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If you’re among the millions of people glued to a desk for hours upon hours every day, then you need Dhanurasana (Bow Pose) in your life. This heart-opening backbend stretches your hip flexors and hamstrings (aka the muscles that are shortened and tightened, respectively, from all that sitting) while strengthening your back. It helps improve your posture by opening your chest and shoulders, counteracting the time you spend hunched over your computer.
Like all backbends, Bow Pose is energizing and stimulates the adrenal glands that sit above each kidney. It also increases blood flow to your digestive system (goodbye constipation!).
You may find yourself holding your breath in Bow Pose—resist this urge. Expanding through the front, back, and sides of your body stretches the diaphragm so that you can take deeper breaths. Breathing more deeply can lower your heart rate, regulate blood pressure, and help you relax. Strengthening your diaphragm through your yoga practice will help you get out of your head, stay grounded in your body, and quiet your mind—on and off the mat.
Bow Pose basics
Sanskrit: Dhanurasana (dah-nur-AH-sa-na)
Pose Type: Backbend
Target Area: Core
Why We Love It: “I began to deepen my practice of Dhanurasana when I came to understand it translates to ‘Bow’ pose. I am a Sagittarius rising, and I find Dhanurasana fitting for me, since Sagittarius is the archer. While practicing the pose, I imagine myself as a bow and my breath as an arrow, slicing through stagnant spaces within my whole being. It opens my thighs, pelvic region, abdominal, and heart spaces, which is needed for me as an ex-football player. I recently was invited to deepen my understanding of the philosophical roots of yoga. In that process, I have opened to this asana even more. I have been practicing Dhanurasana while meditating on the removal of what in Jainism is called ‘pudgala druvya,’ a type of material substance that can keep us in samsara (cycle of death and rebirth).” —Cameron Allen, YJ astrology columnist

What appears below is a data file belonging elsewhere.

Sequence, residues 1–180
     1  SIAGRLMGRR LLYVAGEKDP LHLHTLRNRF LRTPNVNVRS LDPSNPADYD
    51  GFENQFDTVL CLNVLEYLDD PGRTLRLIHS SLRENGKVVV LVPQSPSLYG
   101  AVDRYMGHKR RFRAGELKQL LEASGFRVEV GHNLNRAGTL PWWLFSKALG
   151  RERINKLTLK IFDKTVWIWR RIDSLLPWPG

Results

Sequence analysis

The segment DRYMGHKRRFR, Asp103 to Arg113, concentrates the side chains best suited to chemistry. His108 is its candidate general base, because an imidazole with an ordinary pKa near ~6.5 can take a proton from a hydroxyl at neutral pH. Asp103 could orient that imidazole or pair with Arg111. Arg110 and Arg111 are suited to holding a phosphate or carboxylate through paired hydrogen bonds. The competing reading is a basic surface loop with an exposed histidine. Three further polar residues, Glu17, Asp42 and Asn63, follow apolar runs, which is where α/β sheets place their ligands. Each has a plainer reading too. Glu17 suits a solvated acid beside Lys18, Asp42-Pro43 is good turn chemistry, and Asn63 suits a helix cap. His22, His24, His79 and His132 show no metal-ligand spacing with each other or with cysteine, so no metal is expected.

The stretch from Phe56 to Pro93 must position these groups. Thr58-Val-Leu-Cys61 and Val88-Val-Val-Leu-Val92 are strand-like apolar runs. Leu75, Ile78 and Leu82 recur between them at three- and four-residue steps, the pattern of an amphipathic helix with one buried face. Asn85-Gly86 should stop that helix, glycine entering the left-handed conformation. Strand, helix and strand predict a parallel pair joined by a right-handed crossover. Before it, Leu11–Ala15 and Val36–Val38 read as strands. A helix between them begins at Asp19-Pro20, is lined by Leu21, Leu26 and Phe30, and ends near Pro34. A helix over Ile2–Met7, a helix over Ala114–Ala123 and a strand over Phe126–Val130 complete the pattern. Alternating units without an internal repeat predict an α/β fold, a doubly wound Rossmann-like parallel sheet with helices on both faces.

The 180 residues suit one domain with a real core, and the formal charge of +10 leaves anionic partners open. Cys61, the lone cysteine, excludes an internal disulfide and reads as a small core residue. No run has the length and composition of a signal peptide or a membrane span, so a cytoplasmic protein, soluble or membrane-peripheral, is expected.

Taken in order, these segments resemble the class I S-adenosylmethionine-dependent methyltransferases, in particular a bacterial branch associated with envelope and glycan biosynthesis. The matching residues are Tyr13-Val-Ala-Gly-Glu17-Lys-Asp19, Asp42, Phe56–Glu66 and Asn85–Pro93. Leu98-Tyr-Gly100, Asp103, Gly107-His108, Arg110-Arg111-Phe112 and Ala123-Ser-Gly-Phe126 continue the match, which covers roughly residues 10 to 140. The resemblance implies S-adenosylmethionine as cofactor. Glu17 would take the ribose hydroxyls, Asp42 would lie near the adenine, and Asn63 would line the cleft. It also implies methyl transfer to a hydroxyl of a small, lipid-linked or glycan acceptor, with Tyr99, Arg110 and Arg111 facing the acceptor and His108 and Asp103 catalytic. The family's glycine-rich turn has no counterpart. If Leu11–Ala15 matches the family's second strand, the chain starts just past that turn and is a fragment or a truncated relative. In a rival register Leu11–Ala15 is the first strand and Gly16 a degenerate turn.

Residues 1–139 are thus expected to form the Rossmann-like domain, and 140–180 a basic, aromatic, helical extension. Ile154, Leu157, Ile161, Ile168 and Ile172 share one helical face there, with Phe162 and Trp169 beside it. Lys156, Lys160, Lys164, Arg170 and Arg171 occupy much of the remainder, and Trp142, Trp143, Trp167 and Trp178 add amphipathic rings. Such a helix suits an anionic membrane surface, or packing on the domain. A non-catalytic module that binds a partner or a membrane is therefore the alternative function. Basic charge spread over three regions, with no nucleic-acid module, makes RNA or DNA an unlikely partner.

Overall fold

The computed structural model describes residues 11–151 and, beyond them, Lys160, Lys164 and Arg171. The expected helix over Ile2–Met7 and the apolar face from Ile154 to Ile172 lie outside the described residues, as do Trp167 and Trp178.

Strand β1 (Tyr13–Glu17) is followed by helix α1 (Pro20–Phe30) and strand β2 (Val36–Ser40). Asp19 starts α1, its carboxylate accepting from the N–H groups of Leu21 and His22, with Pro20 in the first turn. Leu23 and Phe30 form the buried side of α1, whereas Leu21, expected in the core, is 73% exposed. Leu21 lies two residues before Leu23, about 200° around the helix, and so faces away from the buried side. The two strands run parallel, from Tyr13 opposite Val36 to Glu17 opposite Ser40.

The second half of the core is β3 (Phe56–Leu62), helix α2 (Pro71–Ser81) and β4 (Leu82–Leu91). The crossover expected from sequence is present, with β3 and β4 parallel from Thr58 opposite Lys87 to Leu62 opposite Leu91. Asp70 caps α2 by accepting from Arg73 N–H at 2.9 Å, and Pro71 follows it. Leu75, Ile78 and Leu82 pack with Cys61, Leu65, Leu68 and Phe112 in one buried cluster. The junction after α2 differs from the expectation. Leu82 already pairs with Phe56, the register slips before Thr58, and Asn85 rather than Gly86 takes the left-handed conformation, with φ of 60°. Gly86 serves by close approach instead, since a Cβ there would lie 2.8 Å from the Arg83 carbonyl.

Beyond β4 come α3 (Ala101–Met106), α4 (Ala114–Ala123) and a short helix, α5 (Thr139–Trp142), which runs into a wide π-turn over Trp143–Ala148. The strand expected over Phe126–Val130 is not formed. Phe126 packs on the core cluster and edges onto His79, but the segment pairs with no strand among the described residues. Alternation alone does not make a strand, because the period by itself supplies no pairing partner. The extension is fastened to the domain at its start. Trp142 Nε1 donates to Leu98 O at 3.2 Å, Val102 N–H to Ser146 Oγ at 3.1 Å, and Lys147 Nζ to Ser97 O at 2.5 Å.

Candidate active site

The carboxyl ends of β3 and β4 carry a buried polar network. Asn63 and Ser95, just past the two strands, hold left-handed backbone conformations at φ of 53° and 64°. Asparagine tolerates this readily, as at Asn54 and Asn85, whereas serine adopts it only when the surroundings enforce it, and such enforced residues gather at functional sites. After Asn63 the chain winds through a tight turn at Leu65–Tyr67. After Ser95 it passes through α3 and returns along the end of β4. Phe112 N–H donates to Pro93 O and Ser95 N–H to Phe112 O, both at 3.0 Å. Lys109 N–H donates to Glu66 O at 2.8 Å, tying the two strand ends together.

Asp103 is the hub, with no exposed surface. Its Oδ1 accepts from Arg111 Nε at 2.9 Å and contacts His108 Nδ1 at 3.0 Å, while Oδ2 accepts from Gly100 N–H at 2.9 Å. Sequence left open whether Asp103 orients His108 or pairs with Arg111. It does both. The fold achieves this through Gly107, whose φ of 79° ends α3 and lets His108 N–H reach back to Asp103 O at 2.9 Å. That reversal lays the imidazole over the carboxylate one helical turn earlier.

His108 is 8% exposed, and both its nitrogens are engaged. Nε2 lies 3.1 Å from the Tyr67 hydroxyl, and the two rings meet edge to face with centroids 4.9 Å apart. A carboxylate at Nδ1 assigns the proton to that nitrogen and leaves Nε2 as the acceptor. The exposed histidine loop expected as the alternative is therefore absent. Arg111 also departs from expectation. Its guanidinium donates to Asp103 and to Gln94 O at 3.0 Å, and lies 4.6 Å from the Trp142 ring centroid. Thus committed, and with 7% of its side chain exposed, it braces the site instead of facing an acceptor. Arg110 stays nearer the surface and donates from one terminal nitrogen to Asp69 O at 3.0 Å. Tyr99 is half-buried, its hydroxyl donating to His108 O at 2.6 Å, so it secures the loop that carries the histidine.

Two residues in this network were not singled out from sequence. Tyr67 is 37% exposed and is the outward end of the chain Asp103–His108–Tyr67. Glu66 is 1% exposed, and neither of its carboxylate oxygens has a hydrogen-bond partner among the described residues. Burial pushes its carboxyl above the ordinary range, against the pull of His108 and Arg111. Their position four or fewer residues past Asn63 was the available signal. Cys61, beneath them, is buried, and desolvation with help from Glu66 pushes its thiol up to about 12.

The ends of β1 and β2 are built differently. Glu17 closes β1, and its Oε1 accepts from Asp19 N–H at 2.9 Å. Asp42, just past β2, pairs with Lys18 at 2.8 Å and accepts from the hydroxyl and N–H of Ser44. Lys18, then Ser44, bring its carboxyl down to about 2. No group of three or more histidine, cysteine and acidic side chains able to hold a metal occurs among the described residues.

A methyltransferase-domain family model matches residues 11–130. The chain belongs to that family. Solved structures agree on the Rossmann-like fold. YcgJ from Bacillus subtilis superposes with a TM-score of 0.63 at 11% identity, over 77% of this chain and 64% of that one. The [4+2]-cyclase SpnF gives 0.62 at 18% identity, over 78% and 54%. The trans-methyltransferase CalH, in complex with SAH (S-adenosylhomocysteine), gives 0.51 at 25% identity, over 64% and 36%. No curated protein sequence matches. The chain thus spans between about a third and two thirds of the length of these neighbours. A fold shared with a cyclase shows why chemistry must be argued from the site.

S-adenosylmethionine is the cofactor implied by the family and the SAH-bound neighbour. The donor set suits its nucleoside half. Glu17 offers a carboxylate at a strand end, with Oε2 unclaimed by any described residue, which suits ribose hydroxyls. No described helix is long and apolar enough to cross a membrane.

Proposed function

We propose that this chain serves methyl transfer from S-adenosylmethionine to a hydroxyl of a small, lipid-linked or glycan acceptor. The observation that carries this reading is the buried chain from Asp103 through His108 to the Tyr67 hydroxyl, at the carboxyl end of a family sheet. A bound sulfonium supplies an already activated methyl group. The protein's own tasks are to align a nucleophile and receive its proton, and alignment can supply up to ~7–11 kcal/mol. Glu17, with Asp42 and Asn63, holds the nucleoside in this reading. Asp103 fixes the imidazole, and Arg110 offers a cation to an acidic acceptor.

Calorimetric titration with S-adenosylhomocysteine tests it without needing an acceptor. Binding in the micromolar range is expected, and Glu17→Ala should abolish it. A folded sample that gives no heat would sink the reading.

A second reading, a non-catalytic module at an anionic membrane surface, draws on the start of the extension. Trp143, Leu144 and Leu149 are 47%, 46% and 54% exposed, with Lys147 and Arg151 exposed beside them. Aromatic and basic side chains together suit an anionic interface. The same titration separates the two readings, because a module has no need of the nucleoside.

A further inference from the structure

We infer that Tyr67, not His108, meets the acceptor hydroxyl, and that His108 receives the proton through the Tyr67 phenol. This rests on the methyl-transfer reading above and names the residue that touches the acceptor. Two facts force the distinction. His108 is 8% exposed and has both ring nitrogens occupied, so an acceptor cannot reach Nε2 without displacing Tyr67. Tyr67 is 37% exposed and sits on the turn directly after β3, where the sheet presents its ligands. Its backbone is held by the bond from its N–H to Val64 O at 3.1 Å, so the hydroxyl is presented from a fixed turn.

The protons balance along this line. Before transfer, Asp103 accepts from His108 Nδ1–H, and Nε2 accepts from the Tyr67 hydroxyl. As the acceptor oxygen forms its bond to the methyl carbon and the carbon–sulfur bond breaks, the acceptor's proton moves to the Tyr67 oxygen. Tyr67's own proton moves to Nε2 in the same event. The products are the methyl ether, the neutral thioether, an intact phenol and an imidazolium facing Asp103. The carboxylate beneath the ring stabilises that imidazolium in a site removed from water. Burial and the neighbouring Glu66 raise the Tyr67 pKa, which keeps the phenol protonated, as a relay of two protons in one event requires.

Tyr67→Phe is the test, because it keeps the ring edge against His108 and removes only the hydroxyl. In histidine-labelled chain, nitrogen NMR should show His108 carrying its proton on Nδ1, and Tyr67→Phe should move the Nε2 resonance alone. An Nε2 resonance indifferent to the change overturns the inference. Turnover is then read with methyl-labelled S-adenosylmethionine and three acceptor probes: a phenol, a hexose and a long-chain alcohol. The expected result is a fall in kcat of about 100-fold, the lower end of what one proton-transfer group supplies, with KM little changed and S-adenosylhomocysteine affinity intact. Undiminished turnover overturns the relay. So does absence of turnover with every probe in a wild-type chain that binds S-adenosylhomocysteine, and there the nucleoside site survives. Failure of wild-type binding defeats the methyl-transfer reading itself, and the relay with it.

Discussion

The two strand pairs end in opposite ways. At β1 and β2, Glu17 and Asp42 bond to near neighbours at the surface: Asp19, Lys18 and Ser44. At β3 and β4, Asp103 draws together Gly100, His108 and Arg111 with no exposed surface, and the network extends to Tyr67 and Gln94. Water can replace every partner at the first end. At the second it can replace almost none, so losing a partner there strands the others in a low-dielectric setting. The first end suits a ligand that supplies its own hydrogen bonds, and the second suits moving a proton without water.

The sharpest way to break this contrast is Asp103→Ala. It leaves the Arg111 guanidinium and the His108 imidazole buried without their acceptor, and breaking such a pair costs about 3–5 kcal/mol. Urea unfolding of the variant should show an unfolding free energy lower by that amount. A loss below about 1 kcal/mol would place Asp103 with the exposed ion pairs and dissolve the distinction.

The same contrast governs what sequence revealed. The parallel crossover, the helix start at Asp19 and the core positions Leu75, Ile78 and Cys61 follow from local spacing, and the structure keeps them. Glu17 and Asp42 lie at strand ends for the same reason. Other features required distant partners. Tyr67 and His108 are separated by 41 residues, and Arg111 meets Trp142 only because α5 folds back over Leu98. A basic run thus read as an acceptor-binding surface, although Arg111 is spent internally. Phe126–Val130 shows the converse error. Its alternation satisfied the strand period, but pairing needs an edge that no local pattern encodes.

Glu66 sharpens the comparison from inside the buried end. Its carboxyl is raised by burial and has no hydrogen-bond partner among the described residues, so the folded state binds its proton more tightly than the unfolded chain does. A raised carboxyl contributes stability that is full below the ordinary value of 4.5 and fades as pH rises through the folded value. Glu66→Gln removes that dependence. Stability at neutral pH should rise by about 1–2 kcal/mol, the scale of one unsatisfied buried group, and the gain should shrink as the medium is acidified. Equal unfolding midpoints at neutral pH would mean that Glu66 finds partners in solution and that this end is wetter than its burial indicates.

Bow Pose can boost energy and fight fatigue. It may help to build confidence and empowerment. Bow Pose also improves posture and counteracts the effects of sitting for extended periods of time, such as slouching and kyphosis (abnormal curvature of the spine). It may help relieve back pain. It stretches your abdomen, chest, shoulders, front of your hips (hip flexors), and the front of your thighs (quadriceps). Bow Pose strengthens your back muscles, the back of your thighs, and buttocks (glutes).
Bow Pose: Step-by-step instructions
- Lie on your belly on your mat, with a blanket under your pelvis if needed. Press all of your toes into the floor and then bend your knees, keeping the toes active.
- Grab the outer edges of your ankles with your hands and flex your feet strongly.
- On an inhalation, lift your rib cage and shoulders toward your ears. On an exhalation, lengthen your tailbone and kick your legs back into your hands as you hold on firmly
- From here, lift your head and heart. Gaze forward. Extend through the roof of your mouth and crown of your head. As you do so, always keep strong energy moving from the base of your spine through the crown of your head to help support
- Stay lifted for 5 breaths
Teaching Bow Pose
Sometimes beginners find it difficult to lift their thighs away from the floor. Students can give their legs a little upward boost by lying with their thighs supported on a rolled-up blanket.
Variation: Bow Pose with a strap
If it is challenging to reach your ankles, place a strap around your ankles to extend your reach.
Pavanamuktasana (Wind-Relieving Pose, in which you lie on your back with your knees drawn into your chest)